He has written an interesting piece on why Linux users should give something back to the Linux community, and presented some ideas on how just about anyone can contribute. Hit the details link.
So, you've got your GNU/Linux system up and running, your friends acknowledge you as a master of the command line, and you're feeling pretty good about yourself. Now what? Perhaps you hear a little voice in the back of your head telling you that there's no such thing as a free lunch. "Quiet!" you yell at the voice. "This Linux thing is free, I don't have to do anything in return." True enough. You are never forced to do anything in return for free software. That would be contrary to the ideals of free software. But, you really should consider giving back to the community that has so generously given to you.
Why give back? Why slave and labor over a program only to give it away for free. Good question. There is generally little or no monetary compensation for writing free software, so what is the point? If that's your view of things, there is no point to it. I don't know about you, though, but I sure am glad that people like Richard Stallman, Linus Torvalds, and Larry Wall (to name a few) have different opinions about that. Sure, their exact reasons for writing free software are different, but they all have reasons to. It could probably said (and I will) that there are as many reasons for writing free software as there are free software authors. For some, it is a social issue, a means of making sure that all people have access to quality software with freedom. For others, it's an ego thing. Sure, Bill Gates is respected as the richest man in the world, but he is regarded as little more than a greedy jerk by the techies and geeks of the world. But Linus Torvalds is a man who, though not rich, has been on the cover of Forbes magazine and his little kernel is all the talk of the day. Your program may not get as popular as his, but there is something to be said for the feeling you get when your program's mailing list hits 100 subscribers.
That said, if you can, please write free software. If nothing else, do it out of appreciation for all the hard work of all the other free software developers out there. If you don't think you can take on a large task alone, don't. Help out in a larger group. join in the bazaar of some big project that needs the help. Or, write something that is small but useful. Where would we be if someone hadn't taken the time to write a free version of `ls`? In a world of hurt, that's where. Big, small, complex, simple, single person, cast of thousands, all free software is useful to someone.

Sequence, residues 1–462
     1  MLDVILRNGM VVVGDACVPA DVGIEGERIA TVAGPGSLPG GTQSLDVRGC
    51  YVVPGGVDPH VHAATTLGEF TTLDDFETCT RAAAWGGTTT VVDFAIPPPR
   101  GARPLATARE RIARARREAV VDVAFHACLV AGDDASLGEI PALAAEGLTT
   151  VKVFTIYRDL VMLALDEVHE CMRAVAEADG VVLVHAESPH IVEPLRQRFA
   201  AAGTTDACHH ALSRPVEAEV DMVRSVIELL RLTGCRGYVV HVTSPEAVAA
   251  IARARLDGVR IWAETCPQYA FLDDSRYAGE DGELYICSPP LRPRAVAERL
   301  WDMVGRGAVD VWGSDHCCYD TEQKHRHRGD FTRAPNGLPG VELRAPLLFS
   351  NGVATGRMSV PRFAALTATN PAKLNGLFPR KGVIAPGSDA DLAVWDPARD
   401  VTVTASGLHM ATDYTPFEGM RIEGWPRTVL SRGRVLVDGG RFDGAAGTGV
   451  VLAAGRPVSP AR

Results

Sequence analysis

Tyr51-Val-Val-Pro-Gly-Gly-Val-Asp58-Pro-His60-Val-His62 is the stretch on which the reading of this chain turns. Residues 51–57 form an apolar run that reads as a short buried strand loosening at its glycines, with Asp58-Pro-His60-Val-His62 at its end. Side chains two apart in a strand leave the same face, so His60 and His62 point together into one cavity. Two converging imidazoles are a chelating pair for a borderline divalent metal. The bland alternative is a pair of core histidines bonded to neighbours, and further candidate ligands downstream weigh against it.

Don't think that I would forget about the non- programmers out there. I know that there are a lot of you. A lot of people just use their computer to get their work done and either don't know or don't care about programming. That's perfectly great. But, you can still give back to free software. How? Any number of ways. First is to test development versions of software you find interesting and/or useful and report bugs to the authors to help make that free software the best it can be. You can also tell other people about free software, and its advantages over proprietary software. Tell them how free software is so often much better than the proprietary equivalent technically, how much money they can save, and the freedom that you have when you have the right to modify and redistribute the program in source code form. And, perhaps most important of all: Write documentation.
Hackers often get caught up in development and let documentation fall by the wayside. Perhaps you've been a victim of this - you wanted to use a program but had to go through a lot of hoops to get it working right. Well, if you did get it working, write down the steps you took and release it as free documentation. Or, if you really know a piece of software inside and out, write a free manual for it. If you notice, I've called these "free" documentation and a "free" manual. I don't mean free in terms of price, I mean free in the same way that free software is free. It wouldn't be that useful if you write a manual for a piece of software, then a new version comes along that changes the way particular feature works. If your manual isn't free like the software is free, the author of the software wouldn't be able to make whatever minor changes might be necessary to bring the manual up to date, and you've got an incorrect manual. So, if you do release documentation for free software, please try to release it under the same distribution terms as the software itself.